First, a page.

Opponents of partisan gerrymandering have scored a series of legal victories in recent weeks as courts rule in favor of reforms aimed at making congressional elections more competitive.
On Thursday, the Florida Supreme Court ruled that the Republican-led legislature violated the state constitution when it drew congressional district lines that intentionally favored one party. That decision came after the U.S. Supreme Court ruled last month that an independent redistricting commission in Arizona did not violate the U.S. Constitution.
Also in June, a three-member panel of federal judges ordered Virginia’s General Assembly to redraw some congressional district lines after finding legislators packed too many African-American voters into Rep. Bobby Scott’s (D) district.
That three-judge panel cited another U.S. Supreme Court ruling, from March, that found Alabama’s legislature also improperly considered race when drawing new state legislative district lines, diluting their influence.
Taken together, the four cases have given proponents of redistricting reform several legal pathways to follow. The U.S. Supreme Court’s decision in the Arizona case offered a stamp of approval to independent commissions in other states, like California, Idaho and Washington. Reformers in several others have proposed ballot measures to establish independent redistricting commissions; Virginia and Maryland are both studying the prospects of their own commissions.
Importantly, the decision in Florida gives reformers another way to change a state’s redistricting process.
The Florida Supreme Court’s decision was based on a voter-approved change to the state constitution known as the Fair District amendment. That amendment prohibited legislators from intentionally drawing partisan districts, and the court’s ruling showed carefully written constitutional requirements can force a legislature to comply.
The ruling “demonstrates that there’s an alternative pathway to reform [other] than just commissions, which is to adopt very specific state constitutional criteria,” said Michael McDonald, a political scientist at the University of Florida who closely tracks the redistricting process. The Florida process, he said, maintains a role for the legislature, under strict guidelines approved by voters.
Republicans and Democrats are closely watching three more cases making their way through courts in North Carolina, Texas and Wisconsin.
The North Carolina Supreme Court is reconsidering an earlier decision that upheld a Republican-drawn congressional map that civil rights groups say packs African-American voters into a small handful of districts. The state court initially approved the district map, though the U.S. Supreme Court ordered it to reconsider after the Alabama decision in March.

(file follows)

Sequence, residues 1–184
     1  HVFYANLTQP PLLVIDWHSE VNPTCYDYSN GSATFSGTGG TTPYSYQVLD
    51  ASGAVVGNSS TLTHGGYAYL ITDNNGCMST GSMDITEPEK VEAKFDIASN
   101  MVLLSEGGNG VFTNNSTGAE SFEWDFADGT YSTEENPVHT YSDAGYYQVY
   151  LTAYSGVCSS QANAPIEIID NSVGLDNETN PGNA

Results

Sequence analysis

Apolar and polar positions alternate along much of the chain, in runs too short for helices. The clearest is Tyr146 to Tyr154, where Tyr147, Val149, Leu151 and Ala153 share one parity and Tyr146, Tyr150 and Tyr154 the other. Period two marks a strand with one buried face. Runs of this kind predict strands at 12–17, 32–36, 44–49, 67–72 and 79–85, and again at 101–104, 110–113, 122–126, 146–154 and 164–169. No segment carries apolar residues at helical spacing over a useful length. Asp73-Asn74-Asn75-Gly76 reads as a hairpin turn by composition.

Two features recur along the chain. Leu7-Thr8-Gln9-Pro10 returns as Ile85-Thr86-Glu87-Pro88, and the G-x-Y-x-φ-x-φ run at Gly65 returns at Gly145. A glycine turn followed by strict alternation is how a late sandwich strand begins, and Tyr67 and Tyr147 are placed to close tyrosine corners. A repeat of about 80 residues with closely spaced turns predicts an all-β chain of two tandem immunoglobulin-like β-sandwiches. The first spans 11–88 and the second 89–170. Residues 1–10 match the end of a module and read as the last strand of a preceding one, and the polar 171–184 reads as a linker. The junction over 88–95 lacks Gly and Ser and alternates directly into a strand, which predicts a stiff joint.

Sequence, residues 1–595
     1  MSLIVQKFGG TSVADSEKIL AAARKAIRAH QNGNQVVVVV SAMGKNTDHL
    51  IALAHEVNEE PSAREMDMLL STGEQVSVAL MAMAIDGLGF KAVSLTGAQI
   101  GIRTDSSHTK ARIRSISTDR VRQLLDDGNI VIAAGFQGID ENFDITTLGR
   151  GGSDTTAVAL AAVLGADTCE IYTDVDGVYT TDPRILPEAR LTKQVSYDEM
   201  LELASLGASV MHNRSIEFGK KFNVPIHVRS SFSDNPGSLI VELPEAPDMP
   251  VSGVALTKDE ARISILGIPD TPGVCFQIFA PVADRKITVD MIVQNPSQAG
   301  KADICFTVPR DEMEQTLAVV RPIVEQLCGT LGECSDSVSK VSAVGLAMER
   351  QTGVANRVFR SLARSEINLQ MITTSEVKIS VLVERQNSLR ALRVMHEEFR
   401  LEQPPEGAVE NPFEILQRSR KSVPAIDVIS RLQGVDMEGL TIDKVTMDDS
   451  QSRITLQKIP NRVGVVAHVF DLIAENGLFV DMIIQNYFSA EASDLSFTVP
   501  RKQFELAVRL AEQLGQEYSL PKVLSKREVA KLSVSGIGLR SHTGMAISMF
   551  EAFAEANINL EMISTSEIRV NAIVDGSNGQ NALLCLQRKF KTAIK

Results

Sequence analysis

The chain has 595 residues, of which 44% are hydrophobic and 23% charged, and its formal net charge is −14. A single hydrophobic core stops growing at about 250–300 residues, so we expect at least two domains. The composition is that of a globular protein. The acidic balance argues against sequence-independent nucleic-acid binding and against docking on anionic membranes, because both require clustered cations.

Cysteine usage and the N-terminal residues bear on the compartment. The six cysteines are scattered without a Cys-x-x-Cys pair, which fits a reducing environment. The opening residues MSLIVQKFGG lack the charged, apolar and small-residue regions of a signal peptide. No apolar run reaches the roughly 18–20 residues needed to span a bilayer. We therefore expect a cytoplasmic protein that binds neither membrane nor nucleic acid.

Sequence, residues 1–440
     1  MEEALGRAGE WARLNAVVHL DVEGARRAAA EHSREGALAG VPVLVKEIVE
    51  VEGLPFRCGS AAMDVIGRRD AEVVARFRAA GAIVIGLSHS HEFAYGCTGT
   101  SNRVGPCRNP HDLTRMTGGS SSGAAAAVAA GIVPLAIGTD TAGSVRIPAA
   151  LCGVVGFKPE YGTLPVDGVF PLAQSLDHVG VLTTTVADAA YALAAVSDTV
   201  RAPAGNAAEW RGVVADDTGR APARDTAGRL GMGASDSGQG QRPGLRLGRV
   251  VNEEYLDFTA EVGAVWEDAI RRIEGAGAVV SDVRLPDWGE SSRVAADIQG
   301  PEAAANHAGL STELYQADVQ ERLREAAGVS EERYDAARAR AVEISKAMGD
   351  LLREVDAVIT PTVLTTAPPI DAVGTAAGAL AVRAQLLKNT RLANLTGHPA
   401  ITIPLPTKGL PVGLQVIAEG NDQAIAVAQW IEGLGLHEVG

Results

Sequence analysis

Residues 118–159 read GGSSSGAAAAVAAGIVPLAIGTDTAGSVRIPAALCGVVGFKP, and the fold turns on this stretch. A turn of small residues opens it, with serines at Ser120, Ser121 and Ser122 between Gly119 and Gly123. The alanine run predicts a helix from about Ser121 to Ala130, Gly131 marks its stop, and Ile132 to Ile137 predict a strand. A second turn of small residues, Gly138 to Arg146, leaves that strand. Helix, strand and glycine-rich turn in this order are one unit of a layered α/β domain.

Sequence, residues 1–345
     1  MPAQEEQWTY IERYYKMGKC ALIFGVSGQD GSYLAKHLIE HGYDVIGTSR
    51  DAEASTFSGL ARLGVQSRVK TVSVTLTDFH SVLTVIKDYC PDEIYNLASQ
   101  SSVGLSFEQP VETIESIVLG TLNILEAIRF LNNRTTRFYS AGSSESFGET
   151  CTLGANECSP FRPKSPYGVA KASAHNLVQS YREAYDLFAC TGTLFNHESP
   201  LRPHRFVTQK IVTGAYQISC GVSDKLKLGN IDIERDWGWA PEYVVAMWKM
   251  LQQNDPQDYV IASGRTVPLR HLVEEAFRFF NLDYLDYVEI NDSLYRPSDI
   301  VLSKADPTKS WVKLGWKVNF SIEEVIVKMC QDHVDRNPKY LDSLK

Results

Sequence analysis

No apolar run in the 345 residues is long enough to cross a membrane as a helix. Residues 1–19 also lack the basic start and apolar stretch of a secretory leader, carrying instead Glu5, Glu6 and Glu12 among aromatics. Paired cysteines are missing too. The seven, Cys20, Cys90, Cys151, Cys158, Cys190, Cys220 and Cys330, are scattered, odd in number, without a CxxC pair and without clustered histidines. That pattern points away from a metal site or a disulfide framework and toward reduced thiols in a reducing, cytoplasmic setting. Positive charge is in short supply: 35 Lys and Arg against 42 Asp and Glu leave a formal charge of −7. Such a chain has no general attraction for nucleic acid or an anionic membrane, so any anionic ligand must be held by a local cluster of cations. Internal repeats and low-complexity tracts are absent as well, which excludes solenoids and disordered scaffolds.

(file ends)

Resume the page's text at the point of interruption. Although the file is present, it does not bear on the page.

The U.S. Supreme Court will hear a conservative group’s claim that states like Texas have misinterpreted the one person, one vote standard used to draw districts. That case seeks to clarify whether states have to use total population to draw districts, or just the population that is eligible to vote.
Restricting states to voting-eligible populations would reduce the political power of states and localities with large immigrant populations. Analysts believe it would benefit rural areas, which tend to have fewer non-citizen residents, at the expense of urban populations. Plaintiffs in the case, who live in districts with proportionally higher voting-eligible populations, say their political influence is diluted by districts with equal total populations but smaller voting-eligible populations.
And in Wisconsin, Democrats filed suit last week seeking to overturn state legislative districts implemented before the 2012 elections. A three-judge federal appeals court panel redrew two state Assembly districts in 2013 after finding the initial maps violated the rights of Hispanic voters in Milwaukee; the new suit seeks to overturn the entire Republican-drawn map.
The battle over redistricting rules carries broad political implications for both parties. After the Republican wave of 2010, when the party captured control of an unprecedented number of state legislative chambers, the GOP used that control to reduce the number of competitive congressional districts.
Now, with Democrats 30 seats away from a majority in the U.S. House of Representatives, they find themselves without enough swing districts in which to compete. Republicans, in essence, drew themselves into a decade-long majority.
Democratic operatives acknowledge they erred in recent years by ignoring or overlooking state legislative elections, which cost them in the last redistricting process. When the next census, reapportionment and redistricting process rolls around, after the 2020 elections, Democrats say they must be competitive in legislative elections — or risk another decade wandering in the minority.